Lightening the Load – Packing for the Trails

If you subscribe to an ultralight ethos that borders on insanity, there’s no need for you to read any further. I’m sure you’re a wonderful person, but this post isn’t for you.

This blog post is for the casual backcountry camper looking to shave a few pounds from their pack but aren’t sure how to do it. Chances are you a) make it into the interior 2-3 times a year and aren’t planning on any epic thru-hikes, and b) you already have a decent arsenal of camping gear but don’t want to spend hundreds – if not thousands – of dollars to update your gear.

How do I know this? Because I’m the same kind of camper, and if I’m only able to spend a few weekends a year backcountry camping I don’t want to spend each following week with daily visits to the chiropractor. I already learned that the hard way.

My Pack – “The Big Boy” MEC Serratus

So how do you lighten the load without resorting to buying the latest in ultralight gear or cutting your toothbrush in half to save a few ounces? It’s actually easier than you think.

Below is my 3-step, commonsense approach that will surely make even the most relaxed ultralight camper shudder.

Step 1 – Pack and Go

That’s right. Just go. Purists will dismiss this as a ridiculous suggestion, but unless you are planning your first backcountry hiking trip you already have a general idea of what to do, and more importantly, what not to do. No, you can’t take a case of beer; and as much as an entire watermelon would be delicious after a few hours on the trail, you can’t do that either. Use your judgement, learn from mistakes you’ve made before, be honest about your fitness level and/or existing limitations that might impact what you should carry, and enjoy your trip.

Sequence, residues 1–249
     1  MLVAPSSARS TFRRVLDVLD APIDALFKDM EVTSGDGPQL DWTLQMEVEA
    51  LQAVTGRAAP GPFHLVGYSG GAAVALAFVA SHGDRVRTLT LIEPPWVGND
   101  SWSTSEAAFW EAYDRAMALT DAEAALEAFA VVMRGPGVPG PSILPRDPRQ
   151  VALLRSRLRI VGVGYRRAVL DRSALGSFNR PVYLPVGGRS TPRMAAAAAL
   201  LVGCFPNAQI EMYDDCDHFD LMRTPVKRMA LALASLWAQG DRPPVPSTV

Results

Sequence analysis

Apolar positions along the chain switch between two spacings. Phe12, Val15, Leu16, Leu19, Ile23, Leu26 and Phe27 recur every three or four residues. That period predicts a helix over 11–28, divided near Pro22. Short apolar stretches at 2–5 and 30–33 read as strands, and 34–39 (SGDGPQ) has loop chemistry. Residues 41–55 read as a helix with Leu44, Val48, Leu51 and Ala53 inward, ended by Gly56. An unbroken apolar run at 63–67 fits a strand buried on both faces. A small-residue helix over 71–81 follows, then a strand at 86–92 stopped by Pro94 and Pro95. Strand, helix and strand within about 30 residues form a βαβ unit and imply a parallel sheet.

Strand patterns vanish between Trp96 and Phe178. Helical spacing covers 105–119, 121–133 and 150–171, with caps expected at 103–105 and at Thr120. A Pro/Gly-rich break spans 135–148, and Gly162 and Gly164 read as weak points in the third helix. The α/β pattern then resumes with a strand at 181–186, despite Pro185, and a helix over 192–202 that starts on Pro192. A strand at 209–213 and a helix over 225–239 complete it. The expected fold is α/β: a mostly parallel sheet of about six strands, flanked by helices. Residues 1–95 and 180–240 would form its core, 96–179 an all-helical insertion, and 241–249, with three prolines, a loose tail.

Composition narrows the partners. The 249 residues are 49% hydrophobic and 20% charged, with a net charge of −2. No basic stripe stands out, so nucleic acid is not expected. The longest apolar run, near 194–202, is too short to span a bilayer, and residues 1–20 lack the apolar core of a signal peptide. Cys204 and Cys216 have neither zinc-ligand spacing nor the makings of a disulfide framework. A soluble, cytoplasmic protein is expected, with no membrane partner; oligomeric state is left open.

Step 2 – Take Stock

This is the important step. After you get home – or even better, while you are on your trip – make note of what you made minimal use of, or didn’t use at all. Those are clearly things you can do without next time. One exception to this rule is of course, First Aid equipment. If you didn’t use it clearly your trip went well, but don’t whittle down the medical basics just to save weight, especially as there are wilderness First Aid kits available or you can easily make your own.

Step 3 – (get ready for this…) Pack Lighter Next Time

As much as buying new camping equipment can be fun, nobody wants to overspend on the latest and greatest gear on a yearly basis. Based on your trip inventory (Step 2), chances are you will find several pounds worth of items you can easily leave at home. Ignore the temptation to fill your backpack and take only what you need based on how many nights you are going for, your planned distance, and reasonable luxuries you deem essential. It’s as simple as that.

The goal of this article isn’t to suggest the absolute must-haves for backcountry camping, nor is it to deride anyone for previous bad choices (as I have more than a few over my learning experience). The goal is to take enough weight off your packing list to make your next trip more enjoyable, and I guarantee even a few pounds will make a difference. 

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